The Death of the Music Magazine
Former Blender writer Jonah Weiner has a worthwhile piece on Slate today about the death of the music magazine, postulating about what's caused pubs like Rolling Stone and Spin to downsize so much in recent months. He avoids talking about some of the more obvious explanations—ad sales are down all over, blah, blah, blah—while making some interesting points about the state of criticism:
Meanwhile, with the proliferation of online music, sanctioned and otherwise, music fans don't need critics to play middleman the way they once did: If a fan wants to decide whether he likes a new album, there are far easier ways than waiting for a critic to weigh in, from streaming tracks on MySpace and YouTube to downloading the whole thing on a torrent site or .rar blog. The value of the music reviewer has always been split between consumer service (should people plunk down cash for this CD?) and art criticism (what's the CD about?), but of late the balance has shifted from the former toward the latter—answering the question of whether to buy an album isn't much use when, for a lot of listeners, the music is effectively free. It's a valid point that the professional critic still wields an aura of authority rare in the cacophonous world of online music, but between taste-making blogs and ever-smarter music-recommendation algorithms like Apple Genius and Pandora, the critic's importance is being whittled down.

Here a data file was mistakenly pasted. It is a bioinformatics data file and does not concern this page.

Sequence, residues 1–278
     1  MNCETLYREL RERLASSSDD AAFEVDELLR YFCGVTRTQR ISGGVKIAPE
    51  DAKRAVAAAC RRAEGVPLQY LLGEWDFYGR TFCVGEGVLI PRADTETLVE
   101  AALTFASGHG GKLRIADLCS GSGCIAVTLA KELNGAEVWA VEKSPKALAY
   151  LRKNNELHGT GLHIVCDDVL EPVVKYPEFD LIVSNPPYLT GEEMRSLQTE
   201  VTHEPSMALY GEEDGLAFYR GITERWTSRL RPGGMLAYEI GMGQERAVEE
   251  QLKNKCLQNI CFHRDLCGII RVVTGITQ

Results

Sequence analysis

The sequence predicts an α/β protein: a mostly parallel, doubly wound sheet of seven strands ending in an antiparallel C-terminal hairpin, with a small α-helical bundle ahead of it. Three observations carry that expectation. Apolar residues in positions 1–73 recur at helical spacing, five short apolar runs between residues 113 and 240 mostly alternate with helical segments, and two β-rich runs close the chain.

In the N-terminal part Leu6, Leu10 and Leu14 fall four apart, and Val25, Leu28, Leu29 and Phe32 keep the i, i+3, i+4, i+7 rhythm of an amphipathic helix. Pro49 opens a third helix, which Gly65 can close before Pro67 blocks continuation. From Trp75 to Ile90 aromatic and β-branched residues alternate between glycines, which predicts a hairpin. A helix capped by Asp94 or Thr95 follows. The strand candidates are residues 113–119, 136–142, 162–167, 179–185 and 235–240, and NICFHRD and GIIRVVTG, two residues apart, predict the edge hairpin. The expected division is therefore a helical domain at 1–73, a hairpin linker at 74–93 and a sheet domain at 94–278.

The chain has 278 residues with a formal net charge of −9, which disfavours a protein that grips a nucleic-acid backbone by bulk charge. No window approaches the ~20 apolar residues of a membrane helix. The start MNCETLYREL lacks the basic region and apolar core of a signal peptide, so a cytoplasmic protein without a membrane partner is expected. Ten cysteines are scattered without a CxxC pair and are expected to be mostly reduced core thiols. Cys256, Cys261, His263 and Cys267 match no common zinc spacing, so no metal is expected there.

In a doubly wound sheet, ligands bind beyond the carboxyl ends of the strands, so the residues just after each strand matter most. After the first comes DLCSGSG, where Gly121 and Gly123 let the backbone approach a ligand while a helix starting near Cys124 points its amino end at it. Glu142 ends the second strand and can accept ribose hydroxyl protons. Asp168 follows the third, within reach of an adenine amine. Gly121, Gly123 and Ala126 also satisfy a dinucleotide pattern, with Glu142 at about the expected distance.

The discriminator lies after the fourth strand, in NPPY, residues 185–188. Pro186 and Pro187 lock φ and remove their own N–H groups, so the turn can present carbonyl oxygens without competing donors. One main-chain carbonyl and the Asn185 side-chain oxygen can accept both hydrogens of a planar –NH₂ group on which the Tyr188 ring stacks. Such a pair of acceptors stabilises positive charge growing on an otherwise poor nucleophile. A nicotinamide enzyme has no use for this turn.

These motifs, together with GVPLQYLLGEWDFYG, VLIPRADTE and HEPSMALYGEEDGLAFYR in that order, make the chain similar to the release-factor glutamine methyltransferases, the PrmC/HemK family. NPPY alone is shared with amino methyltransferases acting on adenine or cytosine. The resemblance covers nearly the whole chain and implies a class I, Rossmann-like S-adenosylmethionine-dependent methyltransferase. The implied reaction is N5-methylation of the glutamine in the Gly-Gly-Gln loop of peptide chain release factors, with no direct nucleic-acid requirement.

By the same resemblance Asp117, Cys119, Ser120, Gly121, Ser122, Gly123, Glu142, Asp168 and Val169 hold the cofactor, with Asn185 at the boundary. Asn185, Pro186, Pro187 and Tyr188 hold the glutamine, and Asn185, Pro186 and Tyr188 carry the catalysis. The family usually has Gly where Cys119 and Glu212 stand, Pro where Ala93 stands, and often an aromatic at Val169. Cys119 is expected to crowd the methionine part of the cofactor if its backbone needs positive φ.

The major music magazines have, frankly, been awful at this kind of intellectual criticism. Spin can write a well-reported, tell-all piece about the personal dynamics of the Yeah Yeah Yeahs, for instance, but the magazine has a harder time writing about the actual music of the Yeah Yeah Yeahs. Rolling Stone is even worse, a magazine so brazenly afraid to take a stance on anything that it grades all albums on a bell curve as tight and predictable as that of an eighth-grade math teacher. Even at nickels an issue, I regretted every month of my one-year subscription. Reading that periodical was like watching your Moody Blues-loving dad live out his mid-life crisis in the most painfully misguided ways possible, suddenly taking interest, for instance, in Twilight and the Jonas Brothers.
As I see it, there are two simple ways for magazines like Rolling Stone to become more relevant: A) Take a chance on breaking new music, not just reporting on musicians that are already popular or heavily buzzed. This, more than any other reason, is why Pitchfork is so successful; it boldly advocates new, worthwhile artists—it doesn't just lump them into 150-word "10 Artists On the Rise" features. And B) Write better. Well regarded print publications like The New York Times and The Onion A.V. Club may never break any new music the way its Internet competitors can, but their seasoned writers put 99% of the Internet to shame. It's a lesson Rolling Stone could learn from: Maybe people will start reading you once you have something to say.